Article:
What Sales Leaders Need to Know about Sales Enablement

Hand Reaching Out

Sales leaders should leverage marketing content, channels and campaigns to accelerate sales engagements. Think sales enablement beyond training and development.

Today’s post is by Pam Didner, author of Global Content Marketing (CLICK HERE to get your copy).

Conventionally, sales leaders view sales enablement as onboarding and training. It makes sense to enable salespeople by training them with relevant knowledge and tools to ensure they are ready to talk to prospects and existing customers. This is especially true in technology, or complex sales, where products require education, explanation, and persuasion before customers are ready to make a buying decision.

BUT, the “enabling” part of sales should not be limited to sales training alone. Here are 3 examples of how marketers can also “enable” sales:

Incorporate Messaging and Content into Sales Training

Map Select Marketing Content to the Sales Process

Incorporate Marketing Elements into Sales Discussions

Incorporate Messaging and Content into Sales Training

Sales leaders are fully aware of how important training is. In general, training managers work with sales leaders to design the training with objectives, a training roadmap, and success metrics. Most training content is created from scratch. To save time, training managers can also reach out to marketing. Content such as product demos, show-and-tells, messaging, and pricing guides can also be included as part of training.

In addition, with the rise of digital and mobile devices, training is not limited to only face-to-face and virtual settings. These formats are still valid and effective but continuous training can come in the form of micro-training, which is about sharing snackable and consumable sales tips and best practices on a daily or frequent basis. The quick-bite type of training concept is similar to the approach of turning to the daily meditation or motivation apps to get a quick dose of relaxation or inspiration. Using technology to continuously improve sales knowledge and skillsets is another reason to tap into content from your marketing team.

Map Select Marketing Content to the Sales Process

In general, marketing creates varied content for multiple communications purposes. Depending on the sales stages or conversations with customers, product-specific content tends to be frequently requested by the sales team. Much of this marketing-created content can also work for sales communications. Below are some excellent examples:

Product videos

Product pages on the website

Product sheets

Solutions briefs

Customer success stories

Case studies

ROI reports and ROI calculators

White papers, industry trends and survey reports conducted by marketing

Competitor comparison guides

Topic-specific blog posts, podcasts and the like

These types of content come in handy and should be part of the sales playbook or part of the sales portal. In addition, it can be especially useful as a follow-up to a productive conversation or meeting. According to research, there is a Picture Superiority Effect that indicates people will remember only 10 percent of what you say within two days of your meeting. In a very short period of time, prospects will have forgotten the vast majority of what you were trying to convey. Therefore, after conversations and meetings, it’s important to share content to validate, reinforce or remind customers of your key points. Some of this content can also be used by salespersons for their own mini-email outreach campaigns. Even if sales reps are either waiting to hear back from prospects or trying to re-engage with existing customers, using some of these content pieces is a non-intrusive tactic to keep those relationships warm. Content, in both cases, keeps the brand at the top-of-the-mind of your customers and prospects.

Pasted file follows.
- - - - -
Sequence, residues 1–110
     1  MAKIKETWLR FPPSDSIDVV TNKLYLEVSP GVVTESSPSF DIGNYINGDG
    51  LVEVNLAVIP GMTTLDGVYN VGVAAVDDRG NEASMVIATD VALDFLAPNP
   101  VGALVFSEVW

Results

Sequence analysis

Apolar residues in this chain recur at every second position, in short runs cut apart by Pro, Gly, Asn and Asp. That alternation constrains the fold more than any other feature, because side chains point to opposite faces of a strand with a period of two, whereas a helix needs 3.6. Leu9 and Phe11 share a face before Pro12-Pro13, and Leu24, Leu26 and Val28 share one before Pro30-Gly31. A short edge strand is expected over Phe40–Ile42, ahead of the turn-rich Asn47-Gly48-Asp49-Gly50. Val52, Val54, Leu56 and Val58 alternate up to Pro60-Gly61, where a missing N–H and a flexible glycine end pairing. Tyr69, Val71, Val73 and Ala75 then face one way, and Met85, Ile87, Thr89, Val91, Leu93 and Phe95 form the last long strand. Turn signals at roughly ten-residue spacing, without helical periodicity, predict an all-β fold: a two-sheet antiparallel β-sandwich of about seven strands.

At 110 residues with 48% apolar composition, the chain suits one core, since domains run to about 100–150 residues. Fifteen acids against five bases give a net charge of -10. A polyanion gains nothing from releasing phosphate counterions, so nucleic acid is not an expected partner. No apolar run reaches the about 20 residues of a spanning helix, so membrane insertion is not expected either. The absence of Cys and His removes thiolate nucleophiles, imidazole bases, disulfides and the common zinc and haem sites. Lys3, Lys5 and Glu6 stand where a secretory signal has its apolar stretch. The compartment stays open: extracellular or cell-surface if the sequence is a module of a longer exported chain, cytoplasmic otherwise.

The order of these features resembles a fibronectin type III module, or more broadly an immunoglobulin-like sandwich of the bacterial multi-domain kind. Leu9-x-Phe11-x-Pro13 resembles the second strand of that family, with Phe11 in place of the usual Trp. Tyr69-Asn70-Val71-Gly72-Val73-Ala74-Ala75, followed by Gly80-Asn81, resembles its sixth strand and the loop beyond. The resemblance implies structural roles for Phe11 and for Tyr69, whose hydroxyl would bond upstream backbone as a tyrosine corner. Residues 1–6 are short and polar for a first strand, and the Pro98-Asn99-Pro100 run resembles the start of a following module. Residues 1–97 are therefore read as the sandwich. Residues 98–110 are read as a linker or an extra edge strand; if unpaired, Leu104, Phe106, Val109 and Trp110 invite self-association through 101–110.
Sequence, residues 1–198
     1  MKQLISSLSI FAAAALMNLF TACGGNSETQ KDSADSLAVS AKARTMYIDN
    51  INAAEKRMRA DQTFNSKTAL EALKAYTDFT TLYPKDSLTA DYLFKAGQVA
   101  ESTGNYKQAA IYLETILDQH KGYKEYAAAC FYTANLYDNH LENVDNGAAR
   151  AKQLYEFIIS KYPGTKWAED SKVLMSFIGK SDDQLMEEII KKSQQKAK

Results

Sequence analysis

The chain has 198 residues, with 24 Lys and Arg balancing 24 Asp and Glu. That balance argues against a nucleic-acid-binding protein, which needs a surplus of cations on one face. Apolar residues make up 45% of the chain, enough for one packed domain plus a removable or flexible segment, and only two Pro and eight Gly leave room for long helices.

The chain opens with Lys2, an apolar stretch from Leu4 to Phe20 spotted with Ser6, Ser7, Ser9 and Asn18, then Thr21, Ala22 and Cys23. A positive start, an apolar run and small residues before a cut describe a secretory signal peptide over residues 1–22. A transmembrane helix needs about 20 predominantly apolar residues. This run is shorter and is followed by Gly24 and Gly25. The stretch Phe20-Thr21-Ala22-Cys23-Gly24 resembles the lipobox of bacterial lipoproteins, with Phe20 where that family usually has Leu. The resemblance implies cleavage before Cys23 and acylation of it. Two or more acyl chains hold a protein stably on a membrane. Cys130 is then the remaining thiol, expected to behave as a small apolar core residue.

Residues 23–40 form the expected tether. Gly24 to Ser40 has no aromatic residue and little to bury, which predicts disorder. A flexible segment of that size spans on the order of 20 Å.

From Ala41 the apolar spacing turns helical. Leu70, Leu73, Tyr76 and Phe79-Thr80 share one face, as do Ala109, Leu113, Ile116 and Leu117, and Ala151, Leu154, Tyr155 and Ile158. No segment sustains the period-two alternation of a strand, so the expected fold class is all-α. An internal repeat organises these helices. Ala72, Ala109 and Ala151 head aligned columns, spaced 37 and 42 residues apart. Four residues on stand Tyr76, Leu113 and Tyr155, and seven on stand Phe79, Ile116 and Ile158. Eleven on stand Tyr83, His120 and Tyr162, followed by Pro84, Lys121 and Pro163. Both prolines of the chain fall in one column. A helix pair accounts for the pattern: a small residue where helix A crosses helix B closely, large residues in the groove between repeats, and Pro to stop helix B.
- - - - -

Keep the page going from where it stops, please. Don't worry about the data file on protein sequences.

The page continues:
As a marketer supporting sales, it’s essential to have an overview of the most current content available so you can pull the best recommendations from your content trove during opportunity reviews, sales pipeline update meetings, or informal chats with your salespeople.

Incorporate Marketing Elements into Sales Discussions

Marketing can be a powerful tool for sales professionals. Elements such as partner marketing, event marketing, social media, or even a website’s ecommerce components can be integrated as part of a sales effort to accelerate conversions. New technology offers marketers additional capabilities to elevate marketing programs and identify potential sales enablement opportunities.

Here is an example of using social media as part of a sales negotiation. The sales team of a whiskey company was working hard to gain shelf space in liquor stores and supermarkets in a specific city. In order to get more shelf space with these stores, the sales team proposed location-targeted social media ads to promote free tasting events at these stores with agreed-upon dates. The goal was to drive as much traffic as possible to the stores for tasting with the expectation that, eventually, customers would buy that particular brand of whiskey.

While in the store, customers are likely to purchase other types of mixers or liquors which directly increase the stores’ revenue. The stores loved the idea that the brand was running geo-targeted ads to drive foot traffic. Paid media budget was used as part of the sales negotiation to close this deal.

Global Content Marketing

Marketing consultant, author, and speaker. Author of 2 books: Global Content Marketing (CLICK HERE to get your copy) and Effective Sales Enablement (CLICK HERE to get your copy). She shares many examples like the blog post in her newest book, Effective Sales Enablement. Pam specializes in sales, marketing and external communications consulting, keynote presentations, corporate training and workshops. Learn more at

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